In this matrix, Gruul Adventures still didn’t reach 50/50 versus Naya Winota (though they had the best overall win rate, handily beating a lot of its good matchups). This makes some sense to me — the decks are similar, except one side has Winota and the other has Embercleave, and whoever is on the play will definitely be favored, but if Winota gets going it can both kill more quickly and also strip Embercleave away from their hand with Elite Spellbinder, whereas Embercleave will deal ten damage and could still die on the back swing.
Gruul players also suffered a bit from a development that was, in my opinion, very hard to predict: the emergence of Naya Adventures. Previously, this metagame share was mostly taken by either Naya Winota or Gruul Adventures, but three players in the Challenger Gauntlet chose to play Naya Adventures. Three players might not seem like a lot, but it’s 12.5% of the field, compared to a 3.3% metagame share in the overall week.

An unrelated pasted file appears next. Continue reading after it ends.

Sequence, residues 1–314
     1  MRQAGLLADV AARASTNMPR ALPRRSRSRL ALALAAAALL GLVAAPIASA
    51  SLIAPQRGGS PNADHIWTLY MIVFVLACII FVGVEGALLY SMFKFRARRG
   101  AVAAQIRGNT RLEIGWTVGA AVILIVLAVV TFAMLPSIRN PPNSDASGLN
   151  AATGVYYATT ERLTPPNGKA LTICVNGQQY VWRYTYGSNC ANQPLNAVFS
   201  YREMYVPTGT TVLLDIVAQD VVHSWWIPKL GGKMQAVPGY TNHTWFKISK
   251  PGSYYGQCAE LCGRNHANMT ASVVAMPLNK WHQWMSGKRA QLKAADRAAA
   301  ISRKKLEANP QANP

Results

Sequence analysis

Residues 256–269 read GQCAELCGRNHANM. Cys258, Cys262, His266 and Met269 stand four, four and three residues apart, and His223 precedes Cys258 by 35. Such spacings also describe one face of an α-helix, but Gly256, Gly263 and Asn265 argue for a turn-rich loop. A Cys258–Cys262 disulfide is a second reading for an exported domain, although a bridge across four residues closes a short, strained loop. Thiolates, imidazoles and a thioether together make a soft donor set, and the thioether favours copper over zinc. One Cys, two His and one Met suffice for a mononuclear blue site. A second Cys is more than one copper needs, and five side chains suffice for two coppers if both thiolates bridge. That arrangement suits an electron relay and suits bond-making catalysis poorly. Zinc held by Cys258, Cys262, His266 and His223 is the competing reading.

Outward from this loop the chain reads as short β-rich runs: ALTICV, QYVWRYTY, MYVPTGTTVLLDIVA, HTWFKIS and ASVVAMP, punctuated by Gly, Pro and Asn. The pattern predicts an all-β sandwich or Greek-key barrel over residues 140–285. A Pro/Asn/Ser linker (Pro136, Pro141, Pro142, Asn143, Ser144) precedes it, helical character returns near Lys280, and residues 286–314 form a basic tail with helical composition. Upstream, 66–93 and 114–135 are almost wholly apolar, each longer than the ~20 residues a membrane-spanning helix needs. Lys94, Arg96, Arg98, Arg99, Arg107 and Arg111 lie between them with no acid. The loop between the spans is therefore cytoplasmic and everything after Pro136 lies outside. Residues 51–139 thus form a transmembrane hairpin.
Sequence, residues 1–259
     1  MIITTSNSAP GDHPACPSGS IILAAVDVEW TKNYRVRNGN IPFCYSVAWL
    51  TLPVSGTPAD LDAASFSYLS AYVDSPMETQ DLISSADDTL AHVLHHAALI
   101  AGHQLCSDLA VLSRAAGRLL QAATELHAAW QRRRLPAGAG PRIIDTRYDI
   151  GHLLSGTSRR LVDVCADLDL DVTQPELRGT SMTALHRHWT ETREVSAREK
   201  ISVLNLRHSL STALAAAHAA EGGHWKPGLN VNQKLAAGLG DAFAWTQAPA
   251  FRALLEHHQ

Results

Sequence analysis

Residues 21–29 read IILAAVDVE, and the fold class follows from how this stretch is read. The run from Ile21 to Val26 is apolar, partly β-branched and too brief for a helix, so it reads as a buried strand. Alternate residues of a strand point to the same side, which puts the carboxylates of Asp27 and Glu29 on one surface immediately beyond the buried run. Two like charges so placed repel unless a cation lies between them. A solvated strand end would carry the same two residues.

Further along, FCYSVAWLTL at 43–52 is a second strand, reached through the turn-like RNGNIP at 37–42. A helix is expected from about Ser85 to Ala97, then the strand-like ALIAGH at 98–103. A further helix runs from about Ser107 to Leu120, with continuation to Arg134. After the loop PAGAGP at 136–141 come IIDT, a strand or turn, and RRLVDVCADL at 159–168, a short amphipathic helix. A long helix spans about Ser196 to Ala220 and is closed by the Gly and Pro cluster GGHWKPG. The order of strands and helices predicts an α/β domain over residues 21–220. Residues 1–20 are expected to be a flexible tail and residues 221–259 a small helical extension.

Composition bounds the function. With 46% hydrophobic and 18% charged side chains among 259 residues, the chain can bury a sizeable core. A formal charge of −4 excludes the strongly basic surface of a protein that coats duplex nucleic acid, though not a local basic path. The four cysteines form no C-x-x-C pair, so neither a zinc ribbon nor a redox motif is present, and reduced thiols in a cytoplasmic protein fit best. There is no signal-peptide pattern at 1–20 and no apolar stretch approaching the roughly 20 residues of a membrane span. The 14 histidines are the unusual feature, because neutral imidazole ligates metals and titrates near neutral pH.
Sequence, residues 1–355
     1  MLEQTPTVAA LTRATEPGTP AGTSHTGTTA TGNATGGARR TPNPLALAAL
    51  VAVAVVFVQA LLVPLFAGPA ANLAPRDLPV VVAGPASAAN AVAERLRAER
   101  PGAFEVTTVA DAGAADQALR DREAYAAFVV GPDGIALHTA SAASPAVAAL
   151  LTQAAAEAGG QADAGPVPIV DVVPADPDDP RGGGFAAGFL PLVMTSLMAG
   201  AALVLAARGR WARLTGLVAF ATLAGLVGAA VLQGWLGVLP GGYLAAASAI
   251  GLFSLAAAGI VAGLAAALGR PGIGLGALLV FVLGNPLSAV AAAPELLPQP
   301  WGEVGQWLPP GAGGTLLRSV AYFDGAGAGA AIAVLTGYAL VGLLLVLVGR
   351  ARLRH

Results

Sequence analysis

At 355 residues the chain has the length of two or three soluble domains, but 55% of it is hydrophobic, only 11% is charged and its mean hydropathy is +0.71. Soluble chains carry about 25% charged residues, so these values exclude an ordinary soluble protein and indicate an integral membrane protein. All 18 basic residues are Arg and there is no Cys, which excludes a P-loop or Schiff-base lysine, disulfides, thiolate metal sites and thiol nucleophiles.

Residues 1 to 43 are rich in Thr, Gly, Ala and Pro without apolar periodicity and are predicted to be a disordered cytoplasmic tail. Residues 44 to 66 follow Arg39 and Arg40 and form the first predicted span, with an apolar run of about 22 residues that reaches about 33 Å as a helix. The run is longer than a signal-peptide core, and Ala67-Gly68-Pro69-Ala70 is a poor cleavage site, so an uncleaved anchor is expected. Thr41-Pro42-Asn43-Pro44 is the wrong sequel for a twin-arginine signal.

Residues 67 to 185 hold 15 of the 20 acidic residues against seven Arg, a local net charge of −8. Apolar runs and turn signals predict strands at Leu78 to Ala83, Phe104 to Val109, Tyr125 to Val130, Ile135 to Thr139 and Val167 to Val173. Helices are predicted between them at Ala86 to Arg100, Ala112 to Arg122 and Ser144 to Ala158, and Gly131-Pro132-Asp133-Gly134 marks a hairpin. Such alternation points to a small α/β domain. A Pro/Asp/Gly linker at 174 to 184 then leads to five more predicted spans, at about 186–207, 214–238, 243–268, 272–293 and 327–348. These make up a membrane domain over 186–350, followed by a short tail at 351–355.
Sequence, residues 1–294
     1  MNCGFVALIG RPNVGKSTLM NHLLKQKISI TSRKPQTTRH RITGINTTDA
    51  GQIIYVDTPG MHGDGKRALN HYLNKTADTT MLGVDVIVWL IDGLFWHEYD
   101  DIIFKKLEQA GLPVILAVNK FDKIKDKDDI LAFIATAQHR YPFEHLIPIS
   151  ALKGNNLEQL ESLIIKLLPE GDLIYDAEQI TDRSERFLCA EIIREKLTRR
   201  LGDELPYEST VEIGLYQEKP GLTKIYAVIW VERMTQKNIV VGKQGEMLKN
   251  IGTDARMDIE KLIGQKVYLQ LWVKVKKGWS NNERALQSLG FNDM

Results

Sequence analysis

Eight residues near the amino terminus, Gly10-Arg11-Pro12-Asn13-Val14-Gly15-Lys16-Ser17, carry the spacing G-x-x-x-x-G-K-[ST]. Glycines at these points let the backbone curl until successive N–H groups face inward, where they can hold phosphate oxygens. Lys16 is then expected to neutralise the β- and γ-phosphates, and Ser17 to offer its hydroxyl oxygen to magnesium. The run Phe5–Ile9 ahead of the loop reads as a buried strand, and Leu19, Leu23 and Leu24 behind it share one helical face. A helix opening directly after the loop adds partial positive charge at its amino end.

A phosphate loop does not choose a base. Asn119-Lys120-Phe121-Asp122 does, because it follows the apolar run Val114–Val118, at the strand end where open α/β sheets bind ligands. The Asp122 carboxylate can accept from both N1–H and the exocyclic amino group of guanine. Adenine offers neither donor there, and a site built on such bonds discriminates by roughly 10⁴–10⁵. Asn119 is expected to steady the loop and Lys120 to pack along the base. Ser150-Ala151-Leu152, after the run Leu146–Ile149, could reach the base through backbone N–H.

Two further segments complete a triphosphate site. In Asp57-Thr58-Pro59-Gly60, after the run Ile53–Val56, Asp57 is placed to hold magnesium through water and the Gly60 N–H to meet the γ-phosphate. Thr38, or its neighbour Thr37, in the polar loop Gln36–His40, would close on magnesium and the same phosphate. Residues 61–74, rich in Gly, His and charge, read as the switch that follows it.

- 4 Lovestruck Beast
- 4 Giant Killer
- 4 Edgewall Innkeeper
- 4 Bonecrusher Giant
- 2 Tangled Florahedron
- 4 Jaspera Sentinel
- 3 Elite Spellbinder
Naya Adventures plays a lot of the same cards as Gruul Adventures, but it sacrifices speed for disruption and staying power. Your nut draws are not nearly as good as Gruul’s, but you get to play a two-sided game rather than just flat aggression — Giant Killer kills creatures, Elite Spellbinder gets rid of spells, and Showdown of the Skalds refuels you. This makes you notably better in the Adventures mirror, as Giant Killer is excellent there (both sides in particular are good versus Embercleave). In return, you are worse versus Sultai Ramp (Yorion), since you’re not as fast and there’s no amount of grinding that can make up for that, as the long game is their domain regardless.